Development & Alummine Affais Office (DAAO) at that time had a Canadian consultant. He was trying to convince Tsui and the board to do the “phone-a-thon” fundraising back in 1990s, and she refused, since she believed that it would be disastrous. So it was shelved. By about 2009 the DAAO finally tried it and yes, it raised some money, but there was one alumnus who strongly complained on privacy grounds. Therefore, Tsui decided not to try it again. She understood that what works in Western society might not work in China. The Asian people do not want to be asked about money and at that time, almost have no idea about giving to the university. She started another approach.
HKU is the oldest university in Hong Kong. It has a large number of alumni who have been successful in wide range of positions on the social ladder. Tsui held several events for connecting them with each other and with the university. She almost never asked for money. HKU alumni can enjoy using the library, are invited to join public lectures delivered by well known scholars of HKU, who present their research outcomes by a simple language for lay people to understand. The public lectures might include the topics that are of great interest or concern of the community. By this, she helps the public and alumni particularly to share the university vision, to understand what the university is doing and contributing to the society. It makes them feel proud of being a HKU member and generates the willingness to support the university doing such work.
One of the first initiatives is the HKU Mentorship Programme, established in 1997. The strategy is that, DAAO serves as a bridge for 500 pairs of Mentors (friends and alumni) and Mentees (HKU Students) to be matched each year. The principle is cross‐discipline matching; hallmarks of respect, support, trust, sharing and exposure. This is a voluntary service. HKU alumni and friends devote their knowledge, their network, especially, their time to help the next generations. The purpose of HKU Mentorship Program is to help HKU students to connect with previous HKU generations who are practitioners in their fields and learn from their experiences or advice for life and career. This is gratifying to HKU, as many students come from disadvantaged backgrounds and have never had the opportunity to join such luxurious social events of elite people. The contributions of HKU alum in this program is not money, but their valuable time. Many of them are CEOs in businesses, a half of this are HKU alumni. Their services are not paid for, but the contribution brings them satisfaction due to the meaningfulness itself. The program reflects that, HKU does not only need money, but many other forms of contributions to help the university fulfilling their mission better. There were 500,000 voluntary hours to date.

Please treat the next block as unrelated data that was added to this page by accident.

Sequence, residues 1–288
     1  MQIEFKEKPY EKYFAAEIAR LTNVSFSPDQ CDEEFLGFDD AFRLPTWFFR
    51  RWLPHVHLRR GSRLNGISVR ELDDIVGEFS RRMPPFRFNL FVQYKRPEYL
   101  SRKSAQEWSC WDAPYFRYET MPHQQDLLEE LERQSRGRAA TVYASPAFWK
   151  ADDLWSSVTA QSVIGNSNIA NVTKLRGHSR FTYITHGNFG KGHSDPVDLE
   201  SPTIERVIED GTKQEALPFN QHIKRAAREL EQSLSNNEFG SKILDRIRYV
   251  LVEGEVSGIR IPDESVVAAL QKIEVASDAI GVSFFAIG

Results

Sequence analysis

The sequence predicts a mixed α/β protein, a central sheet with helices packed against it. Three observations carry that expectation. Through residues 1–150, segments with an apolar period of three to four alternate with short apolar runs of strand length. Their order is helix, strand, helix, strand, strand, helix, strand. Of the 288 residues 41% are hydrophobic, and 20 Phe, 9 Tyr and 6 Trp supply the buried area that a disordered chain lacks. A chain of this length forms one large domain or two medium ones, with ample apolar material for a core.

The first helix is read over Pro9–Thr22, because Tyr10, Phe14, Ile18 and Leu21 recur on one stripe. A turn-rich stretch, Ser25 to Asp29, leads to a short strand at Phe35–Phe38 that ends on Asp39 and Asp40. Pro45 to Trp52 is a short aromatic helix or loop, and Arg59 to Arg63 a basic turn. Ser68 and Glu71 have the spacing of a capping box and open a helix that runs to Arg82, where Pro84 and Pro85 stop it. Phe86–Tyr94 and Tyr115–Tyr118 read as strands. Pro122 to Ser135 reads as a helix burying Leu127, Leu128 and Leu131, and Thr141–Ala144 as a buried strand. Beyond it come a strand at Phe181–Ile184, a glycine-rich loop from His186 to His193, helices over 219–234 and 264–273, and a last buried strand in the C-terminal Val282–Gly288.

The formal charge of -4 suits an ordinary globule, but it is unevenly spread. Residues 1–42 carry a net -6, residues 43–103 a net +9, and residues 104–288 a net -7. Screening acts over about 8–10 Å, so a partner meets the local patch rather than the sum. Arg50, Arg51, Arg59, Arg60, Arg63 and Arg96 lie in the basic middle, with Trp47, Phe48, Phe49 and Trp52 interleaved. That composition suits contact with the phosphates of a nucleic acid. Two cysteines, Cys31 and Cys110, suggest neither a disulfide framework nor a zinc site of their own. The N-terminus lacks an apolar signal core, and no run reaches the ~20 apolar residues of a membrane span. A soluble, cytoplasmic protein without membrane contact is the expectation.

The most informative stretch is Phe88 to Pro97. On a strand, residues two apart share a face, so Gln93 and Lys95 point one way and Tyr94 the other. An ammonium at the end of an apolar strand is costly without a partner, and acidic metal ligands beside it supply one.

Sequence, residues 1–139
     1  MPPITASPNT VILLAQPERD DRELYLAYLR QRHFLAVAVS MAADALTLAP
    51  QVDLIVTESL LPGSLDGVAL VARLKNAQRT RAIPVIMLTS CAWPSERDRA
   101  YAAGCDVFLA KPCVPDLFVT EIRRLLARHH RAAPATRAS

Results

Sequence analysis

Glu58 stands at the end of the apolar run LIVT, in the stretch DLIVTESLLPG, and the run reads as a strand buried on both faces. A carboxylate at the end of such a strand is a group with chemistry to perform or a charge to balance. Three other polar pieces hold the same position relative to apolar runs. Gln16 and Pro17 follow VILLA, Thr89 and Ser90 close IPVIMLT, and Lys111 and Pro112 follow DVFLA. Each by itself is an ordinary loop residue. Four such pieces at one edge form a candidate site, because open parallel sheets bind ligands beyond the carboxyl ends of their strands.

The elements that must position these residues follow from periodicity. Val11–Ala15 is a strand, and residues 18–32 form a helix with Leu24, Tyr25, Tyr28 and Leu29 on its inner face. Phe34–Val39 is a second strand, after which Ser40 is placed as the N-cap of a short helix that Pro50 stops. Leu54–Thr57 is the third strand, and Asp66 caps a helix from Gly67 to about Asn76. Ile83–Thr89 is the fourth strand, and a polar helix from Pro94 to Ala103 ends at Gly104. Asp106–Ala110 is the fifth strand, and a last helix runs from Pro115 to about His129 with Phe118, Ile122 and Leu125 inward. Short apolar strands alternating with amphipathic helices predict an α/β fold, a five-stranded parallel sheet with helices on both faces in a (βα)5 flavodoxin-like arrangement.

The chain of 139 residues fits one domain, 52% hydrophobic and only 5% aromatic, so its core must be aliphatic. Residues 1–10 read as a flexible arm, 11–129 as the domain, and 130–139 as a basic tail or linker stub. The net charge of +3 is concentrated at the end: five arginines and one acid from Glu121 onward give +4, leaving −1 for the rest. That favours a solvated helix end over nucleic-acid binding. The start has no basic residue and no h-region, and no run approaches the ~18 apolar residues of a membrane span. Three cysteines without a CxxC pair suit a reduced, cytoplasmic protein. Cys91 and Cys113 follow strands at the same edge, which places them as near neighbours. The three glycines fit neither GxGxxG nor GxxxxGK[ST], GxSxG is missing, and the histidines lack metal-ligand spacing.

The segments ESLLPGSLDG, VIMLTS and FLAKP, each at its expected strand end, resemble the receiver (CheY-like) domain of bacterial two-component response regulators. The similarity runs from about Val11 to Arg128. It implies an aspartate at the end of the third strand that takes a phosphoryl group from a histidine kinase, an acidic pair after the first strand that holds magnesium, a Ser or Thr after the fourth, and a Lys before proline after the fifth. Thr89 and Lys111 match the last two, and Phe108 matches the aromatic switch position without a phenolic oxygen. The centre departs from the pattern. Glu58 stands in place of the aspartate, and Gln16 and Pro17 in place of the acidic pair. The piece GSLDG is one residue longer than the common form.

HKU Foundation also established First‐in‐the‐Family Education Fund (FIFE) in 2008. The idea is that, no student should be deprived of an opportunity at HKU because of the lack of financial means. The FIFE Fund supports students who are the first generation in their families to attend university, and family income is under average level ($US 2000 per family member). There were 2000 students benefitted to date with the total expenditure approximately 2.3 million $US. FIFE help them to participating cultural exchange program or other experience, activities abroad, studying foreign languages, and so on. Thanks to this support, many HKU students are provided opportunities to make their vision widen to the outside world, and the appreciation to the community support encourages them to be active donors when graduated.
Another initiative is the “Endowed Professorship” established 9 years ago following Western model. Endowed Professorship is a university or academic appointment that is supported fully/partly by the income of an endowment established only for this purpose, which is usually awarded to a person who is already a fully-tenured professor. The scheme aims to support an academic discipline and professor. A donation of HK$10 million will be matched dollar for dollar by the University to form a permanent endowment of $20 million. Annual interest of at least $600K (3%) to support the designated discipline; the incumbent professor will use the annual disbursement (say 600K, 3%) for research purposes. The Professorship is named in honor of the donor. To be appointed this position is an honor in academic world, therefore, the university sees that as a reward for encouragement for excellence. When HKU first established this scheme, they sent out about 50 letters to CEOs of the 50 big corporations, each signed by the Vice-Chancellor as well as Council Chairman. No answer. Now there were 80 Endowed Professorships to date. Each professorship is a great gift. Each gift comes with a story and a dream.